Ugandan prosecutors have lodged charges of “aggravated homosexuality” against a 20-year-old man — a crime punishable by death — in one of the country’s first applications of a provision included in one of the world’s harshest antigay laws.
Same-sex acts had long been considered illegal under Uganda’s penal code, but a law enacted this year introduced far harsher penalties and vastly extended the range of perceived offenses. Its passage drew condemnation from human rights groups and the United Nations, and the Biden administration called it “one of the most extreme” antigay measures in the world.
The measure, signed into law in May, called for life in prison for anyone who engaged in gay sex and allowed the death penalty for what it labeled “aggravated homosexuality.” That category included same-sex relations with disabled people, who were defined very broadly.
Prosecutors used the death penalty provision this month to charge a 20-year-old man with having sexual intercourse with a 41-year-old man with a disability in the city of Soroti, in Eastern Uganda, according to Jacquelyn Okui, a spokeswoman for the Office of the Director of Public Prosecution. (A separate case against a different man, lodged last month, involved an underage person, Ms. Okui said.)
In Uganda, a conservative, mostly Christian country, many religious leaders and politicians have painted same-sex relations as a Western import. “Africans are being used to accept this nonsense of the Western world, and homosexuality is on the agenda,” James Nsaba Buturo, a former minister of ethics and integrity in the Ugandan government, said in March.
Antigay behavior took a particularly severe turn in Uganda over the past year, with authorities removing rainbow colors from a park and parents charging into a school because they thought a gay person taught there.
Justine Balya, a director at the Human Rights Awareness and Promotion Forum, said the new law, and the draconian punishments it outlines, had intimidated gay Ugandans.
Her organization, which is representing the 20-year-old, has reported that overall violence and abuse against L.G.B.T.Q. people have increased since the law’s passage: Fifty-three people have been evicted from rented property for reasons linked to their sexual orientation or gender identity, 47 have faced violence or threats of violence and 17 have been arrested on various charges related to sexuality or gender identity.
Frank Mugisha, a prominent gay-rights activist in Uganda, said that many others feared they would lose their jobs or were afraid to visit public places for fear of being attacked or arrested. Some began fleeing the country earlier, as the law made its way through Parliament.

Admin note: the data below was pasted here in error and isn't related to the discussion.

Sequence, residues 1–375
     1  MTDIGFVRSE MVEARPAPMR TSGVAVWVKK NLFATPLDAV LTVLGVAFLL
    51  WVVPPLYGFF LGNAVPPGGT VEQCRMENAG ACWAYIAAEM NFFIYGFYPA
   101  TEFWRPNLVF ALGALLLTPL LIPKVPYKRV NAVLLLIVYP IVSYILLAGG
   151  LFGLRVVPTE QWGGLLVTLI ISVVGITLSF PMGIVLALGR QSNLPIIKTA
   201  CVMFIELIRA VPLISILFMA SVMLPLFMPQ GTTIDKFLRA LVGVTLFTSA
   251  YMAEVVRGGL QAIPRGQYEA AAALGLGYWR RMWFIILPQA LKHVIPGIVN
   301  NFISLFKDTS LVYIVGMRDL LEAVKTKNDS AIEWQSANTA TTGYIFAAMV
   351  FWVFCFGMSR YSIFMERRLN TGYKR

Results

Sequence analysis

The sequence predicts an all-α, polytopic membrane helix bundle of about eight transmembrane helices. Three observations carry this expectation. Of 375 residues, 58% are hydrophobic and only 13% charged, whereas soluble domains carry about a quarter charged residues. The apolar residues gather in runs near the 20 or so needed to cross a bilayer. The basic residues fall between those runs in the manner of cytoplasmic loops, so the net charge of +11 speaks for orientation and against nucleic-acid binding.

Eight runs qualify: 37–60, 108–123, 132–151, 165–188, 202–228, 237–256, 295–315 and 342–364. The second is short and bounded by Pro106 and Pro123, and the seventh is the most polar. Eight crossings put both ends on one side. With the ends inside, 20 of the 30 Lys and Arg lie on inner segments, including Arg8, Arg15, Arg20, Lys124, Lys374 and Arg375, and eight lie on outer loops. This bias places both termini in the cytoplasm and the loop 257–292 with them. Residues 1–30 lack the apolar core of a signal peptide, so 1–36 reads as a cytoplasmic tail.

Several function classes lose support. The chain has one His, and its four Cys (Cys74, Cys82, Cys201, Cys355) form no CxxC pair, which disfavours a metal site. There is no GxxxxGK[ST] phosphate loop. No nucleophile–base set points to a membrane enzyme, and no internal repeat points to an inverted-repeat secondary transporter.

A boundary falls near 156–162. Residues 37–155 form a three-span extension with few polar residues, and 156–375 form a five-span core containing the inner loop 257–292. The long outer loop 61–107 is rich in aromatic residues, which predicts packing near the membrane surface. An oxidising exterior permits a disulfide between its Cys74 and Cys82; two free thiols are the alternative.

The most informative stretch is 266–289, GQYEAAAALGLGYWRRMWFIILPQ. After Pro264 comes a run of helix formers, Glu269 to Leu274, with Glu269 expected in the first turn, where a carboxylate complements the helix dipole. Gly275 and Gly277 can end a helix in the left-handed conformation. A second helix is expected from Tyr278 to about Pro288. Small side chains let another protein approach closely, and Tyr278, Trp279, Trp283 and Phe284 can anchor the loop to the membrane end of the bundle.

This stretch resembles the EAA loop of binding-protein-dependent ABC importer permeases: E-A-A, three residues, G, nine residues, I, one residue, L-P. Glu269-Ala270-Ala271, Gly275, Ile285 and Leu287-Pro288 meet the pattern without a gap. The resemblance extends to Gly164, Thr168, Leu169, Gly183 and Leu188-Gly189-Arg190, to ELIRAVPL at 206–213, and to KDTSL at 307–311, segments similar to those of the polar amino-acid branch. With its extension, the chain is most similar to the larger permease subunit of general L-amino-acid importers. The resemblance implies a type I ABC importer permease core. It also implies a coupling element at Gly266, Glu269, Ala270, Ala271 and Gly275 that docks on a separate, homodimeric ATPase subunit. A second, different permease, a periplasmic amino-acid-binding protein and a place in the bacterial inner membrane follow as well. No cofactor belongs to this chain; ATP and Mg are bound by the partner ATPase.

“It has been a brutal three months for the community in Uganda,” said Ms. Balya, who argued that the law was unconstitutional.
Uganda has not had an execution in about 20 years, Ms. Balya said — the death penalty usually winds up as life imprisonment — but advocates say that the harsh legal climate has put L.G.B.T.Q. people in even more danger.
“People are freaking out,” Mr. Mugisha said, adding that many gay or lesbian Ugandans feared they could be arrested at any time and that he worried about an increase in blackmail as a result.
“This law is creating a witch hunt,” he said.
The antigay effort in Uganda drew support from local Christian and Muslim groups along with the financial and logistical backing of conservative evangelical groups in the United States. Politicians insisted that homosexuality was undermining Ugandan stability and putting children at risk.
Even before the latest law, the Ugandan authorities stopped people suspected of being gay on what rights groups said were fabricated pretexts. As early as 2009, a Ugandan politician introduced a bill that threatened to hang gay people. Western countries exhorted Uganda to halt the crackdown and threatened to cut aid to the country.
But the country’s president, Yoweri Museveni, signed the 2023 law in May.
A handful of countries around the world had already imposed the death penalty for gay sex, including Iran and Saudi Arabia, and same-sex conduct is a crime in more than 60 countries, mostly in Africa and Asia, according to a survey by Human Rights Watch.
The Ugandan crackdown comes at a time when other African nations are facing the rise of similarly antigay policies and behavior.
Mr. Mugisha, the gay-rights activist, said that the prosecutions in Uganda might energize these countries to pass the laws.
“They will see the law works,” he said. “They will want to do the same.”